Before we get to last weekend’s celebrations, some big falls in the US markets overnight.
The Dow Jones closed down 1.78%, while the NASDAQ shed a hefty 2.57%. Apparently investors are getting a bit jittery about Captain Trump’s ability to steer the good ship USA.
You can expect further losses in the Aussie market today as well. That follows on a 1.1% loss for the ASX 200 yesterday. This was in part impacted by heavy selling in the banks.
Is this the beginning of the broader 10% correction Jason Stevenson has been cautioning about? Or could it be more ominous? Perhaps we’re seeing the first cracks in the dam before global markets lose not just 10%, but 50–60%…or more.
Either way, if you haven’t yet picked up a copy of Vern Gowdie’s new book, The End of Australia, I recommend you do so now. It could mean the difference between a comfortable self-funded retirement and trying to make ends meet off a meagre government pension. Find out how to obtain your copy here.
Now back to last Saturday’s revelries.
Free at last!
We hope you took a bit of time out of your Saturday last weekend to celebrate. No, not to mark Mother’s Day Eve. As far as we know that’s not an official holiday yet. Though most mums I know would happily extend Mother’s Day for the entire weekend.
So why the Saturday celebration? Tax Freedom Day, of course.
This marks the day on which Australians, as a nation, are finally free from the government’s relentless cash grab. Meaning for the rest of the year you’re actually…at long last…working for yourself.
According to calculations from my colleague Terence Duffy over at Cycles, Trends and Forecasts, this year Tax Freedom Day fell on 13 May. A bit of quick maths tells us that’s 133 days working for the government.
That’s four more days than in 2016, when the tax yoke was removed from Australians’ necks on 9 May.
As you can see on the graph below, the day where your money becomes, well, your money varies from year to year.
Source: Cycles, Trends and Forecasts
[Click to enlarge]
(Note: Tax Freedom Day is calculated by comparing Australia’s net national income to the total tax revenue collected at all levels of government, including indirect taxes.)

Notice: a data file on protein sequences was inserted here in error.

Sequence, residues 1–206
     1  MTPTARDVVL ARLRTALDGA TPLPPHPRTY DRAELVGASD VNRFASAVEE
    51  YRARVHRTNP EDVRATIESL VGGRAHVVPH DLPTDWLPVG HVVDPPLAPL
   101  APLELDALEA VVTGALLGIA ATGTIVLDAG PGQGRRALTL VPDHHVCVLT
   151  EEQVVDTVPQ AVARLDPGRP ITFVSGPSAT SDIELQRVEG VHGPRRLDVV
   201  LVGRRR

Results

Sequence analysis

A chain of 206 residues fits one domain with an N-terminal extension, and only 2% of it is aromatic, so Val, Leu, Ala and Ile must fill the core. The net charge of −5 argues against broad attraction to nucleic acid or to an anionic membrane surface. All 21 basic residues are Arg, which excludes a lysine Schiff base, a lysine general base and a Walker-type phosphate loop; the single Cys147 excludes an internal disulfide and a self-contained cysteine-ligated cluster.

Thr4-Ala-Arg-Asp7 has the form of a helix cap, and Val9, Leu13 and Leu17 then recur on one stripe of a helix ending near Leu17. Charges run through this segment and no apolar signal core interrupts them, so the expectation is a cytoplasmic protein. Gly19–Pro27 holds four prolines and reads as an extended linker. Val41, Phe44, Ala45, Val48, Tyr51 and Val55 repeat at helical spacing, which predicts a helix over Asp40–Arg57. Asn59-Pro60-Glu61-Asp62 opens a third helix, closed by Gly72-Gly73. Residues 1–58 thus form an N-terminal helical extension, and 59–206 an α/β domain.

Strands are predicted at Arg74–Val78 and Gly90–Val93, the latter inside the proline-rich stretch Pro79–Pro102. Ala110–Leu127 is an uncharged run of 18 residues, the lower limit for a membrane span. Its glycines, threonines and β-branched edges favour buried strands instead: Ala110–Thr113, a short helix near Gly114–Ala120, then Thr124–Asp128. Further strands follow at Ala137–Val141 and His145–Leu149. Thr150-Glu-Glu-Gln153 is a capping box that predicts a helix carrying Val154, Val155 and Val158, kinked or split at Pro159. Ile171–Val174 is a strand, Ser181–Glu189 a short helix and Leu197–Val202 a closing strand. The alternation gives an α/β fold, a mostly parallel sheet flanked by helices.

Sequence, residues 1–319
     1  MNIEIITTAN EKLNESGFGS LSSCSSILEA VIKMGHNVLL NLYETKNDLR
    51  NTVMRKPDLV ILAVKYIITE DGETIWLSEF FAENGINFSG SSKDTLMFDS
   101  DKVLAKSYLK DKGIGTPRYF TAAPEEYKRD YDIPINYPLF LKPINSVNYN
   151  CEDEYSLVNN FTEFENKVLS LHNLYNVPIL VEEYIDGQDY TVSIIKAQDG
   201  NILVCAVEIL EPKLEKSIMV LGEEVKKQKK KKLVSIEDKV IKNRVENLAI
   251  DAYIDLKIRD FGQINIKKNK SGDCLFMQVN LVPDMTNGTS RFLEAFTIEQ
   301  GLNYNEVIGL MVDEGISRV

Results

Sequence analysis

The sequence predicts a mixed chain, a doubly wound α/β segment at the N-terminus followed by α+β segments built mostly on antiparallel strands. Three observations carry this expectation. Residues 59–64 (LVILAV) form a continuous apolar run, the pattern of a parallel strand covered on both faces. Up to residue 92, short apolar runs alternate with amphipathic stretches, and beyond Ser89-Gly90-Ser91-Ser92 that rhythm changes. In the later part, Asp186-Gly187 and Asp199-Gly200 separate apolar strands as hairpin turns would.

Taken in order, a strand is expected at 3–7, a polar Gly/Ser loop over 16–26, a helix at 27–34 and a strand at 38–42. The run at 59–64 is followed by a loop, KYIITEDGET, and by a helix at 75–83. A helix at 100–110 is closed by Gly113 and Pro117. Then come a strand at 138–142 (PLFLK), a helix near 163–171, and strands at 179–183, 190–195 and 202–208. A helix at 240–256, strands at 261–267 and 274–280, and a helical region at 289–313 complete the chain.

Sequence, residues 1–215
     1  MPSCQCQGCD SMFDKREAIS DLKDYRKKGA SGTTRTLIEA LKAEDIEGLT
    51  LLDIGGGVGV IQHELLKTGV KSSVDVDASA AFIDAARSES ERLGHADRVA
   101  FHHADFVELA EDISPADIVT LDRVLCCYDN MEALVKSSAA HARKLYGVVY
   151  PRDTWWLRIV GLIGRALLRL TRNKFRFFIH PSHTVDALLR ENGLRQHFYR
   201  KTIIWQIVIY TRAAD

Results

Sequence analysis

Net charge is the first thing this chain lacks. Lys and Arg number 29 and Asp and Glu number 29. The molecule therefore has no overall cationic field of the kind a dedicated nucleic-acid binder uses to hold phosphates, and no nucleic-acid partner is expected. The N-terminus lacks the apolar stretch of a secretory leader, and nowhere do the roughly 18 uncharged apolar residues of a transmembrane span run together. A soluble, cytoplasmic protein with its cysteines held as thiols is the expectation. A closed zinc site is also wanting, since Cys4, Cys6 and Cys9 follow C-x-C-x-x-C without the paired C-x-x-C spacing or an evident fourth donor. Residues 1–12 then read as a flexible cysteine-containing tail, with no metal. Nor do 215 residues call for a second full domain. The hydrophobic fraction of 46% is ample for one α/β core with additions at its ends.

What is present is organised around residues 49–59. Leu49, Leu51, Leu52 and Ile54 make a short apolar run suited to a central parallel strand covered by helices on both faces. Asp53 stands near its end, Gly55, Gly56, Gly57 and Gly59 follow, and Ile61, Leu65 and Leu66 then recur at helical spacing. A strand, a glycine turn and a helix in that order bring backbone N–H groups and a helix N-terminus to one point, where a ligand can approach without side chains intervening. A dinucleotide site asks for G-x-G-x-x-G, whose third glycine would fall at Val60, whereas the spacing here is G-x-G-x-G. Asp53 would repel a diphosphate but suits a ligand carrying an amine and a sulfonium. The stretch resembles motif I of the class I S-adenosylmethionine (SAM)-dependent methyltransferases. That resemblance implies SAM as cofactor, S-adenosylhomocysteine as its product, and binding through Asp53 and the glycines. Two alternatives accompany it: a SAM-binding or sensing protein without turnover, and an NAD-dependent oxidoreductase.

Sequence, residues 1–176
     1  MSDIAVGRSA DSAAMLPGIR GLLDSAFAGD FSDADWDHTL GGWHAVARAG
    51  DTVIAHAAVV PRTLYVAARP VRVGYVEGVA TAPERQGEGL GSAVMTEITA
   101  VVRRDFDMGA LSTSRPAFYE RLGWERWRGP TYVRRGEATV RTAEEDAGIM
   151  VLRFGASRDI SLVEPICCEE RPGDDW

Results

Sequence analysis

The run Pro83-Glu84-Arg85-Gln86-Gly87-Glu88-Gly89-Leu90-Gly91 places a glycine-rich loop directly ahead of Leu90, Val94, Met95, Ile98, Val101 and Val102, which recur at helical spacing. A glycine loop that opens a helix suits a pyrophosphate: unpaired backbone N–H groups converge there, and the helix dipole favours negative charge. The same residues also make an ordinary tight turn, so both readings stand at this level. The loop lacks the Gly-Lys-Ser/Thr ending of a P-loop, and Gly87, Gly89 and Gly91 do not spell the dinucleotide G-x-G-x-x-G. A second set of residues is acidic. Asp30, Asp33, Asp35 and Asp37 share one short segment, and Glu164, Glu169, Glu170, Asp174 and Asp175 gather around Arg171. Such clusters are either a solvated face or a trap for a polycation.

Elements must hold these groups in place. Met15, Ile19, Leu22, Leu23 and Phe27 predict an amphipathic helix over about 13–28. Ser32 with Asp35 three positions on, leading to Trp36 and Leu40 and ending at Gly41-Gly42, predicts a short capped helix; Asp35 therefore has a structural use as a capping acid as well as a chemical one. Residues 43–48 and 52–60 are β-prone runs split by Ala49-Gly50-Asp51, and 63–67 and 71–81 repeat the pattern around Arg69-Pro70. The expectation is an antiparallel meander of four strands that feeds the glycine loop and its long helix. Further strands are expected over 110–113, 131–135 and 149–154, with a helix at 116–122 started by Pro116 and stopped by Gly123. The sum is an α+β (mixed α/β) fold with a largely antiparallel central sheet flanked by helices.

You’ve also likely noted the steady climb from 1964–1988. In just 24 years, Aussies went from owing 80 days of work each year to 131 days. Fortunately there are only so many days in the year the government can pilfer. So we’ve seen this number hover between 120 days and 137 days ever since.
Now, the following chart may surprise you. It shows the average number of days you’d have spent working for the government since 1960. The red bar is Labor. The blue bar is Liberal.
Source: Cycles, Trends and Forecasts
[Click to enlarge]
Most people I talked to — in a very unscientific survey — expected a heavier tax burden from Labor governments. The truth is they’re almost identical to the Liberals. You would have spent 116 days working for Labor and 115 for the Libs. (Although the graph distorts the difference, as it starts the count at 110 days.)
You see, it really doesn’t matter who you vote for. The government is the government. They’re really good at taking your money…and really bad at spending it.
How bad? Well, even after chipping in 133 days’ worth of our hard earned cash, Treasurer Scott Morrison forecasts a deficit of $29.4 billion in 2017/18.
Of course, Scott assures us that Australia will be back to surplus by 2020/2021. By $7.4 billion, to be precise. Even if that happens (subliminal voice: it won’t!), don’t mistake the deficit for the debt.
$7.4 billion in annual savings sounds like a nice chunk of change. But the government also just raised Australia’s gross debt ceiling to $600 billion. And Shadow Treasurer Chris Bowen says this could hit $725 billion before we see any decline. That’s like having a $725,000 car loan to pay off…with $7,400 per year.
I’ll let you do the maths.
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The elephant in the room here is that even this relatively small surplus is out of reach without serious cuts to spending. And you know how good governments are at reining in spending.
That’s because the surplus figures rely on some highly-optimistic assumptions. Among other things, Scott is betting on Aussie wages growing 3.75% a year by 2021.
Following the dismal wage growth figures released this week, that prediction is looking ever more bubbly.
Business Insider reports:
‘For the first time in several years, Australian wages are failing to keep up with inflation.
‘According to latest Wage Price Index released by the Australian Bureau of Statistics earlier today [Wednesday], wages grew by 0.5% during the March quarter, leaving the year-on-year increase at 1.9%… with consumer price inflation currently running at 2.1%, it means that real wage growth went backwards for the first time since the June quarter 2014…
‘However, without rounding, private sector wages grew by just 1.79%, the lowest level on record dating back to when the survey first began in 1997.’
And from The Age:
‘According to the Bureau’s December figures, the cruder measure of average weekly earnings shows the growth in male wages is at its lowest level since World War Two.’
Wages growing by less than inflation. Spending locked in. Surpluses promised. Where does this leave us?
More than likely celebrating Tax Freedom Day later and later each year.
For Markets & Money